I knew it must have taken a certain amount of boldness—or maybe desperation—to travel alone to America, especially for a young woman. I had just read a couple of books about the history of immigration during the Ellis Island era, which painted a clear picture of the rigors of the journey. Women, especially if they were alone, faced the possibility of sexual violence at every step in the process: in the crowded steerage where most had booked passage, when they dealt with immigration officials at either end, and when they finally disembarked—in New York City, for the majority of immigrants.
The U.S. immigration service, along with a number of social service organizations, attempted to “protect” women immigrants. Sometimes, the government required that a woman on her own be “released” only to a male relative or a representative of an immigrant aid society.
I wondered how and when nineteen-year-old Josefa made her way to Minnesota. Did her brother come to New York to meet her? Did she take the train alone? Did she go somewhere else first? By 1902, I knew, she was living in Ely, married and the mother of a baby daughter—my grandmother Mary.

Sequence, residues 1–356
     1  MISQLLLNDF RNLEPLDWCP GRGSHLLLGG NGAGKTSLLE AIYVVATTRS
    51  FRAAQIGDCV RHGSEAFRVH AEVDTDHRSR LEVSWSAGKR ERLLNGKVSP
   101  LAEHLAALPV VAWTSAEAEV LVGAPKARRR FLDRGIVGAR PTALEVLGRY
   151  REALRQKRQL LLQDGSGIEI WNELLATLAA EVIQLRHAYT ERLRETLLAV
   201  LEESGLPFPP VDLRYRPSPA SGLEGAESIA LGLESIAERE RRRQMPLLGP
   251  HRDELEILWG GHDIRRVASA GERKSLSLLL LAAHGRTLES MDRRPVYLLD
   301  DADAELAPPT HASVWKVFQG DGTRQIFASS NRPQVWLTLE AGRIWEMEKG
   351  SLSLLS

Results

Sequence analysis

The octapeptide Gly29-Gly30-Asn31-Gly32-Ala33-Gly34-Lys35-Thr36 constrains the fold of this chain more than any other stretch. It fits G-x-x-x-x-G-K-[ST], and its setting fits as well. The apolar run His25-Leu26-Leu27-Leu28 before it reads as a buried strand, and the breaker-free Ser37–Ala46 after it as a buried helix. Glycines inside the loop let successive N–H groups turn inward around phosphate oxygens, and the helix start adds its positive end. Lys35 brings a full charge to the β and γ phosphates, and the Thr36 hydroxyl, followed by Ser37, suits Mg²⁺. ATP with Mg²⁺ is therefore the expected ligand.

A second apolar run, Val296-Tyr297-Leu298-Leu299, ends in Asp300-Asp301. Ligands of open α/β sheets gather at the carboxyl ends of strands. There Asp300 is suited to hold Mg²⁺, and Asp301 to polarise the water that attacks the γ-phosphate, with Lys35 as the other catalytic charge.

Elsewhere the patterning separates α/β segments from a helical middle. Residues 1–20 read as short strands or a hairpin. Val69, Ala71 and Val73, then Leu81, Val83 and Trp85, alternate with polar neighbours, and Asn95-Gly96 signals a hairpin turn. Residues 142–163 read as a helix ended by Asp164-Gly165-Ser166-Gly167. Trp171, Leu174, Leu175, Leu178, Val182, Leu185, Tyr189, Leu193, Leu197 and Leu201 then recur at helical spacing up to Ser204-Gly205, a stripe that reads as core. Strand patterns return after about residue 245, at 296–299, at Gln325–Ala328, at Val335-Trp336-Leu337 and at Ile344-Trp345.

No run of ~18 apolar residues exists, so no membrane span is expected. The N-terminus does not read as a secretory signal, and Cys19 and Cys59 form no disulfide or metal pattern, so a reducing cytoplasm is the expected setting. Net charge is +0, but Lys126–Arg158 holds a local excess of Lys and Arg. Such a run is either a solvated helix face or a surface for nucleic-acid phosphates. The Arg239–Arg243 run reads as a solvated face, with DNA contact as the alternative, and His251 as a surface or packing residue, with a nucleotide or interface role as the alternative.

I contacted the county recorder’s office in Duluth, and the volunteer genealogist was able to find the record of their marriage. The ceremony was performed in Ely, by the priest at St. Anthony’s, the local Catholic Church. The date shocked me: it was in 1899, just six weeks after Josefa had arrived in New York.
“She must have been a mail order bride,” my mother said, when I told her what I had learned. She didn’t sound surprised, or even troubled, by the possibility. But I wanted to believe that Josefa had known her future husband before they married.
I had already found the immigration records for my great-grandfather, so I knew a little about him. Alois (Louis) Adamic was a miner who had emigrated a year earlier, from a Slovenian town called Ponikve, where he had been a farmer. He had a sister in Ely. He was thirty—a little old, I thought, for Josefa.